“No,” said Mabus. LCS is more an example of typical teething troubles on a new design, he argued.
“Every time you start a new class of ship…you’re going to have issues,” he said. “LCS gets a lot of attention, but during the first deployment of an LCS to Singapore…it was ready for sea more than the (US) Pacific Fleet average.”
“It’s got a lot of attention mainly because it looks different,” Mabus said. “It is a different kind of ship.”
Ummmm, no. FREEDOM Class does not look all that different, and eight years after the commissioning of HULL-1, “new class of ship” excuses for the cascading failures no longer applies. INDEPENDENCE looked different a decade ago. We’re used to it now. Then again, he has a lot of personal capital invested in LCS, so one would expect a bit of a blinkered view.
Why do two programs with similar troubles get such a different reaction from Mabus? It’s especially striking because the carrier program matters much more to naval traditionalists, who often disdain the relatively tiny and lightly armed LCS. But throughout Mabus’s seven years in office — the longest tenure of a Navy Secretary since World War I — he’s measured his success in terms of numbers of ships.
From 2001 to 2008, Mabus said today (as he says in every speech he makes) the US Navy fell from 316 ships to 278 and put only 41 new ships on contract. In the seven years since 2009, Mabus has contracted for 86.
“Quantity has a quality all of its own,” Mabus said — and you don’t get quantity without a small ship cheap enough to build in bulk. In the face of two skeptical Defense Secretaries and sometimes bitter criticism from Congress, Mabus’s commitment to LCS explains a lot about its survival
Perhaps it would be unkind to state that we have been engaged all month in littoral combat off of Yemen, but no one in their right mind wants a LCS anywhere near that coastline.
Perhaps it is best to leave that there so we don’t wander in to another LCS post. Let’s stick to the FORD issue.
If I may be self-indulgent a bit; when we few, we happy few anti-Transformationalists began tilting against the Transformationalist series of ships that came before FORD; LPD-17, LCS, DDG-1000 – from titanium fire mains to NLOS, one of our primary critiques was a cavalier view towards technology risk. It is great to see that, in his own way, Mabus is on the same page of the hymnal with us now.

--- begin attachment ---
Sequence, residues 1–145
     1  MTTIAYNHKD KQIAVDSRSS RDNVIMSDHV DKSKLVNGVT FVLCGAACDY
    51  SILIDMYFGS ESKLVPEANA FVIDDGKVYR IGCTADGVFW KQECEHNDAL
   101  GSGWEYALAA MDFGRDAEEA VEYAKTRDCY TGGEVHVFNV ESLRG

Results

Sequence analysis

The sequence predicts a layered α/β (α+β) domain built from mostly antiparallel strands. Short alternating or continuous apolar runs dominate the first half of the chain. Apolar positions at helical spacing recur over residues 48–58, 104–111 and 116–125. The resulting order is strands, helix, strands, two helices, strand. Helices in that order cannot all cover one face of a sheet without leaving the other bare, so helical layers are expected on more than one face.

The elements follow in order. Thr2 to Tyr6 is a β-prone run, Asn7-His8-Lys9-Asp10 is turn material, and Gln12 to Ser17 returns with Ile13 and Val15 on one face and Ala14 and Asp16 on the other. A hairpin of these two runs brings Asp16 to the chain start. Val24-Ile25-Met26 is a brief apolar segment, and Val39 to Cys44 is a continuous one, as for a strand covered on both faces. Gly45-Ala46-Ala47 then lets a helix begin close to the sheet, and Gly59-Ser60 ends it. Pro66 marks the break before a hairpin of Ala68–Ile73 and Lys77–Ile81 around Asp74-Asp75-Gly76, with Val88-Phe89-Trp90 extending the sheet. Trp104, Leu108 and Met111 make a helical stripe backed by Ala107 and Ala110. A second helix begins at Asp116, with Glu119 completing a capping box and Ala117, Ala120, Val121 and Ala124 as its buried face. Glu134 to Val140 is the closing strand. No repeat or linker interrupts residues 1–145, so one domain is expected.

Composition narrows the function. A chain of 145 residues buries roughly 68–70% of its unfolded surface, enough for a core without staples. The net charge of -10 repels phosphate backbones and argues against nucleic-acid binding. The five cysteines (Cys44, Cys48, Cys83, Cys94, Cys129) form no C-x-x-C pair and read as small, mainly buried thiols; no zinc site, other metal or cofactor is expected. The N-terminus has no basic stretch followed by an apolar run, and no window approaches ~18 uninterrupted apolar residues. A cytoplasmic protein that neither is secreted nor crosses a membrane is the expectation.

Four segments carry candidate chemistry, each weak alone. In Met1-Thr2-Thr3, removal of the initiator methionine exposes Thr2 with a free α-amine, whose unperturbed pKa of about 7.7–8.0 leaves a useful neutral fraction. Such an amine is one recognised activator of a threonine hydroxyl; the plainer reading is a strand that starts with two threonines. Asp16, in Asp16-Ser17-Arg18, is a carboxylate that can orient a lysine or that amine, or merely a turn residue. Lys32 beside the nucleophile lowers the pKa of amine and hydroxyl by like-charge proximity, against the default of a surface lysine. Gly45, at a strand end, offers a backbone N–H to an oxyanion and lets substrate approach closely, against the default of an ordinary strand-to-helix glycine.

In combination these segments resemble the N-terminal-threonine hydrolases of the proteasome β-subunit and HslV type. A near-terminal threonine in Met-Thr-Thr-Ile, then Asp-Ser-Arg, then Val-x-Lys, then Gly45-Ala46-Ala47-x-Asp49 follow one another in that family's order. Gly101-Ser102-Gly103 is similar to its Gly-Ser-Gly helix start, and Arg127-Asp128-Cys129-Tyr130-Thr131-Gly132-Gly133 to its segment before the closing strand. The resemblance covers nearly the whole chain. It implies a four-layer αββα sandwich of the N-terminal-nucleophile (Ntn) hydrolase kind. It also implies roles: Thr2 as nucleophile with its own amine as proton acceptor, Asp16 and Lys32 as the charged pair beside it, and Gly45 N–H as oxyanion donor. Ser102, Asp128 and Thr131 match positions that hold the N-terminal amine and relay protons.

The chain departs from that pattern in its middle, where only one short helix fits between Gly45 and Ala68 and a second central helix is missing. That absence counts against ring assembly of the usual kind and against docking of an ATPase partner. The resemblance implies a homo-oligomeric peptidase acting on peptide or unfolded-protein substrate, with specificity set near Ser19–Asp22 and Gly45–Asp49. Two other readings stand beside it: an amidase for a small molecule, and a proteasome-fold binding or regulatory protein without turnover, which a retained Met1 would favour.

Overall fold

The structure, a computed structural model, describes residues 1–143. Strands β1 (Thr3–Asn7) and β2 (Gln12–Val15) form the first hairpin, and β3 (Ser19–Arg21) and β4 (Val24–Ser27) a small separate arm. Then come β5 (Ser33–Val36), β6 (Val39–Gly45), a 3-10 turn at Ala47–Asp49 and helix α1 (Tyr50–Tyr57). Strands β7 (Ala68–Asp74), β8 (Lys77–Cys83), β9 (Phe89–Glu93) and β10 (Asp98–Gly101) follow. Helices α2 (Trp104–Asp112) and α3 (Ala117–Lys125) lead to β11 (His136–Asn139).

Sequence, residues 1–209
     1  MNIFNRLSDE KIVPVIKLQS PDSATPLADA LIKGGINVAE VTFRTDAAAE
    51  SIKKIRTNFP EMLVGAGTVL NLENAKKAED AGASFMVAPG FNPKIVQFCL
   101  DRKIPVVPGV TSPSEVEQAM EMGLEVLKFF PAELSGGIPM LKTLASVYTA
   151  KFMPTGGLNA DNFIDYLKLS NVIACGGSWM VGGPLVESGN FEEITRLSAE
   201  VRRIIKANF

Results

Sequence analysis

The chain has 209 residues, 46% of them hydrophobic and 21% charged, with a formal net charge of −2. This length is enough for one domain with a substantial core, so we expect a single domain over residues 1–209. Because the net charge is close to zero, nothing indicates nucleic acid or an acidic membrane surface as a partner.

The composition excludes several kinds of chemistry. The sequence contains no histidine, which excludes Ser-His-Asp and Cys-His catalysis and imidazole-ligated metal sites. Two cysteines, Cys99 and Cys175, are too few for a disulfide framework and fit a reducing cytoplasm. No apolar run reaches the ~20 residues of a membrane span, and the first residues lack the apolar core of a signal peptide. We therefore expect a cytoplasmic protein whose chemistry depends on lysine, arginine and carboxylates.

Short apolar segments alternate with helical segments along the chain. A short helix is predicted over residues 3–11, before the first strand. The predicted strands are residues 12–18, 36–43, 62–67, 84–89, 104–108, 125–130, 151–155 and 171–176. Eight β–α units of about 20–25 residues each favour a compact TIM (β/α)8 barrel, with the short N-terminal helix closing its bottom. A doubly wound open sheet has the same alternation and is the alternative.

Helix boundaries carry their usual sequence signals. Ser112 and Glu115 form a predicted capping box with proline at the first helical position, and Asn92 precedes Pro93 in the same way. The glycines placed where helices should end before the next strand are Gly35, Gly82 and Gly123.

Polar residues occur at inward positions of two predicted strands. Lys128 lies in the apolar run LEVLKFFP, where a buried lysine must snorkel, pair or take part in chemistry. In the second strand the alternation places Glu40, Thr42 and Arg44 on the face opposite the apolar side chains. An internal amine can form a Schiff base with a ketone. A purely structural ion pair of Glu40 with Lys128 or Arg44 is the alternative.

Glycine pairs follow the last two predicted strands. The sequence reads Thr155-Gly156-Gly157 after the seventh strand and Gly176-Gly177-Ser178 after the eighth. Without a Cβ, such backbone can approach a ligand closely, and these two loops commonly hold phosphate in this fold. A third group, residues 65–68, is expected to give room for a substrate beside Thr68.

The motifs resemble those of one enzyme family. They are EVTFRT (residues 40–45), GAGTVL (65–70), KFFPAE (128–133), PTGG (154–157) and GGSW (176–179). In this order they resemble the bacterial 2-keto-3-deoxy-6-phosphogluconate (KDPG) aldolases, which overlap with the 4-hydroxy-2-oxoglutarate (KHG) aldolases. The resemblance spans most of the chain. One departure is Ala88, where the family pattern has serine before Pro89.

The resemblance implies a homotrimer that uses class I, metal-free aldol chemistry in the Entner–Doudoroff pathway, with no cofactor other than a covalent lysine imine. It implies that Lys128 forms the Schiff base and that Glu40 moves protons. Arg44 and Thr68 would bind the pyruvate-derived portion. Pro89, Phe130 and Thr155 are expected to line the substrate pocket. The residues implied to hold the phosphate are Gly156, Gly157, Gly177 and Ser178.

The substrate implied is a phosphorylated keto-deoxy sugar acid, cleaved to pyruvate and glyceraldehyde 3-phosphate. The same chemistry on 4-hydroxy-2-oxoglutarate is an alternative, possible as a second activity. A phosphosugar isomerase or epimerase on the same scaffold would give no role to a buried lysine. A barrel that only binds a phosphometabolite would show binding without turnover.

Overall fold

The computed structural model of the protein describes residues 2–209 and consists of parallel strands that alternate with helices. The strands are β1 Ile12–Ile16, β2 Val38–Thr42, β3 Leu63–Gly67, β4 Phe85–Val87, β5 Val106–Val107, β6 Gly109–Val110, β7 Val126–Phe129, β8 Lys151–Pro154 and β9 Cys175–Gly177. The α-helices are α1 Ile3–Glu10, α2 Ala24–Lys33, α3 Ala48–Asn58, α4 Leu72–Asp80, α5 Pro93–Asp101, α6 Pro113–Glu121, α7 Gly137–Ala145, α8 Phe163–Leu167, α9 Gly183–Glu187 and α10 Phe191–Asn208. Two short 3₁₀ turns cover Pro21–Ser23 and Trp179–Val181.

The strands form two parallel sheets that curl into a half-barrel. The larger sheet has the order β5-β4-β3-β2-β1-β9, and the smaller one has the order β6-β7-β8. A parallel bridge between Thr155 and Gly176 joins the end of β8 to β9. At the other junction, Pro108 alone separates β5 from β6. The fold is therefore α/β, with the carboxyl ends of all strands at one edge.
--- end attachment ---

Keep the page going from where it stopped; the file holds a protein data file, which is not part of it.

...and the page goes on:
Speaking Thursday with the massive carrier in the background, Mabus said, “I think we’re a long ways down that road” to fixing the power-generation issue.
He gave a similar assessment of the advanced arresting gear (AAG), which has been installed on the Ford but is still being tested.
The Navy is studying whether to continue with AAG on the next Ford-class carrier, the John F. Kennedy, which is under construction at the shipyard and about 23 percent complete.
“Everything that has been brought up lately, we have been looking at for years, and testing for years,” he said.
Kendall ordered a review of the Ford program, which is now under way and should be complete by December. Until all concerns are resolved, Mabus said he can’t specify a delivery date.
“As soon as it’s ready,” he said. “I’m not going to give you a date. But the testing is going well. Getting to the root cause of the generator problem is going well.”
He also reiterated an oft-stated observation: that the Ford suffers from a decision made more than a decade ago to pack new technology on the ship instead of phasing in new systems over three ships.
“It’s not the shipyard,” he said. “It was us doing this to them.”
How bad is the AAG issue?
The ship’s Advanced Arresting Gear (AAG) is more problematic, and “has had significant delays in completing its land-based test program due to the technical challenges encountered in transitioning from design” through final testing, Mabus reported. Other Navy sources report dozens of roll-through tests have been conducted with the AAG at the Navy’s test facility in Lakehurst, New Jersey, but to date no true arrested landings have been accomplished.
Mabus noted that the Navy is reviewing whether to continue with AAG installation on the Enterprise (CVN 80), third ship in the class, or return to the standard Mark 7 aircraft recovery system operating on all current carriers. Installation of AAG on the second ship, John F. Kennedy (CVN 79), is continuing for now, Mabus noted, because design and construction work has progressed to the point where a replacement would have a significantly negative impact on costs and schedule.
Less of a Transformationalist problem, LPD-17 has been made useful with the extra Sailor sweat and seabags of money prescribed to fix her. LCS and DDG-1000 are what they are, but there was great hope that we would somehow get FORD right. That we would be lucky and good – looks like we were neither.
I think everyone understands technology risk as a factor described above, but what is programmatic risk? Part of programmatic risk is just that; as the DDG-1000 people will tell you, if you are too much of a burden your program will be cancelled. You also can become your own parody. In doing so, you open the door for those who want to do things with that money and effort – specifically the likes of our friend Jerry Hendrix;